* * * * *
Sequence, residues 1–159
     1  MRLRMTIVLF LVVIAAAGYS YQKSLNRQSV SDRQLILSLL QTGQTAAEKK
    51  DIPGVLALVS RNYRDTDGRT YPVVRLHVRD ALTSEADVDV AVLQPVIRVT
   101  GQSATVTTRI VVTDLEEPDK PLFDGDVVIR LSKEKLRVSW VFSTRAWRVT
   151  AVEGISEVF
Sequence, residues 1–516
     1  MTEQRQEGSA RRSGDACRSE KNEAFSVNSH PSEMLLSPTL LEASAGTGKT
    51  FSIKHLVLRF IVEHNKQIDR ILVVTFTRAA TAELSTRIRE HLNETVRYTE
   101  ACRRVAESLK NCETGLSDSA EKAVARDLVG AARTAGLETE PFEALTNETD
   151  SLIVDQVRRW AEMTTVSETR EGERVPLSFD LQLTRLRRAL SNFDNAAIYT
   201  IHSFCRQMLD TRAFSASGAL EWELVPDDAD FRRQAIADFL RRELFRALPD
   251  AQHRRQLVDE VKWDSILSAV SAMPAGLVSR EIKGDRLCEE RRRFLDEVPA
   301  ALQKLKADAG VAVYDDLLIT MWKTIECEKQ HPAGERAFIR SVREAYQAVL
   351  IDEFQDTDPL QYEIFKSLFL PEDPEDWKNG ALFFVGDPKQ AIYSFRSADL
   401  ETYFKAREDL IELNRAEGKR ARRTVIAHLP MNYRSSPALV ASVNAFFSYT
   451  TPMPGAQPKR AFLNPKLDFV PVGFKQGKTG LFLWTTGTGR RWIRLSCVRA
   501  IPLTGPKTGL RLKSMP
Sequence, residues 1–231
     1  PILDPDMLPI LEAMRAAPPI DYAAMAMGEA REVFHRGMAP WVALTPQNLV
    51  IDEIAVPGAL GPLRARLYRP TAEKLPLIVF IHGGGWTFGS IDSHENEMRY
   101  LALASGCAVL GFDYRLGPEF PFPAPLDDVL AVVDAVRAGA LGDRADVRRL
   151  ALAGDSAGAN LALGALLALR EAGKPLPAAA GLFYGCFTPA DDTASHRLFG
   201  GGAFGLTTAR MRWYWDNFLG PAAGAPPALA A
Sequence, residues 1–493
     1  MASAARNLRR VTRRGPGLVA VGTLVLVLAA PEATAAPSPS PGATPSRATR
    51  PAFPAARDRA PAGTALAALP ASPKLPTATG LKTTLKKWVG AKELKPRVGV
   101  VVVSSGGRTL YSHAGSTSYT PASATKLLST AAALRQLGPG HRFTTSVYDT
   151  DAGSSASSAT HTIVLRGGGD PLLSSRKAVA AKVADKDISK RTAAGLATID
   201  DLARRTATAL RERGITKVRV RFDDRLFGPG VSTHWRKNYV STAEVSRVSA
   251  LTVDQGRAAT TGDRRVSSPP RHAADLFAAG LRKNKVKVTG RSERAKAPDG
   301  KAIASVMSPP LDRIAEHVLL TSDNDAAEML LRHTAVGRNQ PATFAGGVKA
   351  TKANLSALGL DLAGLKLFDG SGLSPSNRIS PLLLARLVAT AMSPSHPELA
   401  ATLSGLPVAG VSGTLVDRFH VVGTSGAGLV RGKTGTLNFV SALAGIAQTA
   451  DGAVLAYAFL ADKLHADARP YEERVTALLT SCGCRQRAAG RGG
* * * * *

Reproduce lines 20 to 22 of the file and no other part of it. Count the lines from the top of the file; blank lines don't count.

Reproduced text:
    51  IDEIAVPGAL GPLRARLYRP TAEKLPLIVF IHGGGWTFGS IDSHENEMRY
   101  LALASGCAVL GFDYRLGPEF PFPAPLDDVL AVVDAVRAGA LGDRADVRRL
   151  ALAGDSAGAN LALGALLALR EAGKPLPAAA GLFYGCFTPA DDTASHRLFG